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Chicago Poetry Tour Podcast

Poetry

From the neighborhood library of Gwendolyn Brooks, to the Union Stock Yards, where Chicago became Carl Sandburg's "Hog Butcher for the World," to the birthplace of slam poetry, the Chicago Poetry Tour explores the city's history through its dynamic poets and poetry.

From the neighborhood library of Gwendolyn Brooks, to the Union Stock Yards, where Chicago became Carl Sandburg's "Hog Butcher for the World," to the birthplace of slam poetry, the Chicago Poetry Tour explores the city's history through its dynamic poets and poetry.

Location:

Chicago, IL

Description:

From the neighborhood library of Gwendolyn Brooks, to the Union Stock Yards, where Chicago became Carl Sandburg's "Hog Butcher for the World," to the birthplace of slam poetry, the Chicago Poetry Tour explores the city's history through its dynamic poets and poetry.

Language:

English


Episodes

South Side Community Arts Center

10/19/2010
Established in 1940 by the WPA's Federal Art Project, the South Side Community Art Center has provided a second home for the city's African-American artists. Haki Madhubuti, founding editor of Third World Press, reads.

Duration:00:09:13

Hall Library

10/5/2010
One of the 20th century's most significant poets, Gwendolyn Brooks wrote about race in America, often from the perspective of her Bronzeville neighborhood.

Duration:00:24:28

Bronzeville

9/21/2010
Margaret Walker's signature poem "For My People" encompasses the strengths and struggles of blacks not only in Chicago but throughout America.

Duration:00:08:13

DuSable Museum

9/7/2010
The DuSable Museum is one of the nation's premier institutions dedicated to the history, art, and culture of the African diaspora. Quraysh Ali Lansana reads from his collection They Shall Run: Harriet Tubman Poems.

Duration:00:08:35

Pilsen

8/24/2010
Pilsen was a diverse neighborhood in Chicago long before anybody used the word “diversity.” Stuart Dybek and Ana Castillo read poems inspired by their childhoods there.

Duration:00:14:17

The Green Mill

8/10/2010
Marc Smith conceived the worldwide phenomenon of slam poetry at the Green Mill in the 1980s. Audience participation encouraged.

Duration:00:06:08

Danny's Tavern

7/27/2010
The neighborhood of Bucktown is home to Danny's Tavern and Myopic Books, two hot spots in the local poetry scene. Srikanth Reddy and Peter O'Leary read.

Duration:00:08:01

The Newberry Library

7/13/2010
The Newberry Library is an independent research library, and has twice served as the home for Poetry magazine during its prestigious and often surprising past.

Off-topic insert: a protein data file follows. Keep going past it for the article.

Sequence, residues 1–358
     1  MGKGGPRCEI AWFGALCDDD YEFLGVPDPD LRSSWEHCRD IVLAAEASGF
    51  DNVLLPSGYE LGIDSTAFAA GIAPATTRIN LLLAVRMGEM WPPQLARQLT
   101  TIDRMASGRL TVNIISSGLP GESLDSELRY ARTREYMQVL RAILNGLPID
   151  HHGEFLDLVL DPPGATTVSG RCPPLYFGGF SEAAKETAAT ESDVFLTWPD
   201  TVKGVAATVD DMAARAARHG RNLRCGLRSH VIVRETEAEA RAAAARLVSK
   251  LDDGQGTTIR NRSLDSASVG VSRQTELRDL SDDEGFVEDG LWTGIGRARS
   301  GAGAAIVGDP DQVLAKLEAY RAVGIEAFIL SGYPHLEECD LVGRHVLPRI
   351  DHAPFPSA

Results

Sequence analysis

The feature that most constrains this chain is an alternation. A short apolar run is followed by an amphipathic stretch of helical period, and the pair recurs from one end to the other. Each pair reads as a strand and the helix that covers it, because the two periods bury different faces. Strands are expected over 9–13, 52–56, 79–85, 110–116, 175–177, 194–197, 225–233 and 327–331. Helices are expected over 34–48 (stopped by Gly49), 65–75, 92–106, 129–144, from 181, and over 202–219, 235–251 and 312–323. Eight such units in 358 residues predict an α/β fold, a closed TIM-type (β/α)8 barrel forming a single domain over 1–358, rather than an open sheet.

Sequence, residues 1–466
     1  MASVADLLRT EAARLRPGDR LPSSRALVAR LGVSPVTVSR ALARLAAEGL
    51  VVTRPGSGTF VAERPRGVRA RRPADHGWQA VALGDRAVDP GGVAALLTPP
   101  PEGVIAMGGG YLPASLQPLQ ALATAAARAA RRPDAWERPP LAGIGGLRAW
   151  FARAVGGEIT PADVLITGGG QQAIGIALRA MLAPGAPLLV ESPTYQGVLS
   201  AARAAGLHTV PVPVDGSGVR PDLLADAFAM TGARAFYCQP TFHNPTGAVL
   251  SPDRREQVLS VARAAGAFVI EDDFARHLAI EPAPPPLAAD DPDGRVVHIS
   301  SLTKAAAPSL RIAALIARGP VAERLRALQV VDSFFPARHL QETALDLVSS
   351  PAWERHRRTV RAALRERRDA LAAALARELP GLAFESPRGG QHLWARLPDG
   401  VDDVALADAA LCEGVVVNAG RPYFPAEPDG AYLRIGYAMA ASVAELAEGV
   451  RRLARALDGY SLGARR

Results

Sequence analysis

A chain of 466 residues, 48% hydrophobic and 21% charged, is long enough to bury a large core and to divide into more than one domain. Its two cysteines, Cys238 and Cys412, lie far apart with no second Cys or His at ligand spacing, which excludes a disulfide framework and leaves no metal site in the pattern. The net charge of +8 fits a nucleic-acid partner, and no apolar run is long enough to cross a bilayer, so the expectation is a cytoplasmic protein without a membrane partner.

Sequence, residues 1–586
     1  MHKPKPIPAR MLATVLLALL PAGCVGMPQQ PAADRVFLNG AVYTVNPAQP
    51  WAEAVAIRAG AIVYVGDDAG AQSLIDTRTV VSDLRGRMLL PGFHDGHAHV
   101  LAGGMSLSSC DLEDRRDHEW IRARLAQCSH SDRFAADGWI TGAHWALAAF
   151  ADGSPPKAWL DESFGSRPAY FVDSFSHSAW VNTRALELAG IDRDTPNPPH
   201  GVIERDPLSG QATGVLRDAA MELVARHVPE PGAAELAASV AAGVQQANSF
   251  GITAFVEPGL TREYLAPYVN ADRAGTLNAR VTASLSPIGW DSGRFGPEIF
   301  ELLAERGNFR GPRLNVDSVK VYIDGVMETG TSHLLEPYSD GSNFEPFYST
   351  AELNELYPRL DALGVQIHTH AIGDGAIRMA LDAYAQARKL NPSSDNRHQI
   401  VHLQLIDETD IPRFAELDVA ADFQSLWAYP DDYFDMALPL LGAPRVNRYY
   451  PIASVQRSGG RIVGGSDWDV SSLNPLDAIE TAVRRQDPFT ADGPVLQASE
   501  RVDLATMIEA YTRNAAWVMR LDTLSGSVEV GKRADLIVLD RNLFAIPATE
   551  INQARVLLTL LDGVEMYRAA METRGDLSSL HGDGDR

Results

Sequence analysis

Duration:00:08:21

New Chinatown

6/29/2010
Li-Young Lee grew up in this immigrant neighborhood, and his poem "The Cleaving" depicts his struggles with identity, violence, and universality.

Duration:00:11:52

Graceland Cemetery

6/15/2010
This tour stop includes poetry addressed to graves in Chicago's ritzy Graceland Cemetery. Carl Sandburg, Vachel Lindsay, and Harriet Monroe meditate on mortality and what should, or should not, be memorialized.

Duration:00:08:46

Maxwell Street

6/1/2010
Home to street venders and musicians alike, Maxwell Street was one of Chicago's most vibrant gathering places. Michael Anania pays homage with a poem and a touch of the blues.

Duration:00:07:35

The Velvet Lounge

5/18/2010
Sterling Plumpp dubs the Velvet Lounge a "shrine to jazz," and explains how jazz fuels his sense of poetic craft.

Duration:00:09:10

Chess Records

5/4/2010
The Great Migration gave birth to a new brand of blues in Chicago, and Chess Records helped make it famous. Sterling Plumpp and Tyehimba Jess read their bluesy poetry.

Duration:00:07:16

Stock Yard Gate

4/20/2010
Union Stock Yard Gate is all that remains of the mile-wide livestock market that provided Carl Sandburg with his famous epithet for Chicago, “Hog Butcher for the World.”

Duration:00:06:11

Haymarket Monument

4/6/2010
Featuring Bucky Halker, Wobblies, and Studs Terkel, this segment explores the dynamic poetry and songs reflecting Chicago’s industrial labor movements.

Duration:00:10:21

The El Train

3/23/2010
The El, or the elevated train system, is one of Chicago’s most distinctive features, “the sound of the city.” Reginald Gibbons and members of the Speak Easy Ensemble share their El-inspired poetry.

Duration:00:07:17

Harold Washington Library

3/9/2010
Harold Washington was elected as Chicago’s first African American mayor in 1983. Gwendolyn Brooks, Edward Hirsch, and Albert Goldbarth read an array of poems celebrating progress and the pleasures of reading.

Duration:00:09:14

Walking to Harold Washington Library

2/23/2010
In 1912, Harriet Monroe founded Poetry magazine as a forum for modernist poetry. Featured are poems by George Dillon and John Frederick Nims, former editors of Poetry.

Duration:00:06:02

Fine Arts Building

2/9/2010
Renovated in 1898 to create studios for musicians, artists, and writers, the Fine Arts Building was a hotbed of artistic activity, home to magazines such as the Dial and the Little Review, and the offices of Frank Lloyd Wright and Edgar Lee Masters.

Duration:00:05:42

Cliff Dwellers Club

1/26/2010
In the early 20th century, the Cliff Dwellers Club hosted poets at all stages of their careers, from the towering figures of Ezra Pound and William Butler Yeats to young unknown Carl Sandburg.

Duration:00:04:55